NASA is researching engineered microbes that could aid in the construction of structures on other worlds like Mars.
Dr. Lynn Rothschild spoke about synthetic biology at the BioDesign Forum that took place on September 26 and 27 in Cambridge, UK. Rothschild, who is an evolutionary biologist and astrobiologist at NASA Ames Research Center, is involved with NASA’s new Synthetic Biology Initiative. TreeHugger.com reports that this initiative aims to engineer microbes “that will be able to feed on the material on the planet, such as the waste produced by astronauts, and would meld together the material on the planet’s surface into ‘bricks.'”
New Scientist explains that the Synthetic Biology Initiative team began with a bacterium called Sporosarcina pasteurii “that breaks down urea – the principle waste product in urine – and excretes ammonium.” And this makes the local environment “alkaline enough for calcium carbonate cements to form.” By feeding off waste produced by astronauts, the microbes would create bricks by cementing together dirt on a planet’s surface. The team’s experiments show these microbes can create a house brick as strong as concrete in approximately two weeks.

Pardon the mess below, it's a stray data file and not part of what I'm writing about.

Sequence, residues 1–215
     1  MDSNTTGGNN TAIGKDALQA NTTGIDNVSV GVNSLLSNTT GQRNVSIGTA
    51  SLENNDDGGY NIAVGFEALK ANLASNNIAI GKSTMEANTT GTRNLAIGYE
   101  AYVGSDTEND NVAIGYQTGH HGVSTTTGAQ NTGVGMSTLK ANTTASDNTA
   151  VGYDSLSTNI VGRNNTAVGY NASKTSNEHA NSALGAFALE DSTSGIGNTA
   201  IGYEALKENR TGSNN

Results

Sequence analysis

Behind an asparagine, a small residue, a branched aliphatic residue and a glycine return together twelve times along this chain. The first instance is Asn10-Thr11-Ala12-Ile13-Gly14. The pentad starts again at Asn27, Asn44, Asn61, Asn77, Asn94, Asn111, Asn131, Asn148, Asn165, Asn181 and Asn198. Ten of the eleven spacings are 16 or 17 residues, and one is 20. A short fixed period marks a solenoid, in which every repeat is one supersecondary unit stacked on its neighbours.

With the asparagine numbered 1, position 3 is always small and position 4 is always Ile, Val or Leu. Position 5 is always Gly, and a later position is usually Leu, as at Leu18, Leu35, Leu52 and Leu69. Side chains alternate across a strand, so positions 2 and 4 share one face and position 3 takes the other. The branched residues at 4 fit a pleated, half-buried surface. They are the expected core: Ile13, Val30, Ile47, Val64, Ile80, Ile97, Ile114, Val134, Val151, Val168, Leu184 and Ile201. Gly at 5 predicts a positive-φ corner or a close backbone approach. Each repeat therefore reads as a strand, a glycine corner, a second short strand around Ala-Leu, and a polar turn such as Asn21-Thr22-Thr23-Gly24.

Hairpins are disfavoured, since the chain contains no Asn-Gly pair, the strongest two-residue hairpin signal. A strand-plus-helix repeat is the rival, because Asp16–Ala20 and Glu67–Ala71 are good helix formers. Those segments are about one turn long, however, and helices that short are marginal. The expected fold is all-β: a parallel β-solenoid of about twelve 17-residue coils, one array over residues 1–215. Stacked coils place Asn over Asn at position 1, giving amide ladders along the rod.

NewScientist points out that, because “microbes weigh precious little, and would take up next to no space on a spacecraft,” they would eliminate many of the obstacles currently faced when considering building structures on alien worlds.
But Rothschild says it will be decades before astronauts are taking microbes with them on manned missions to Mars or anywhere else.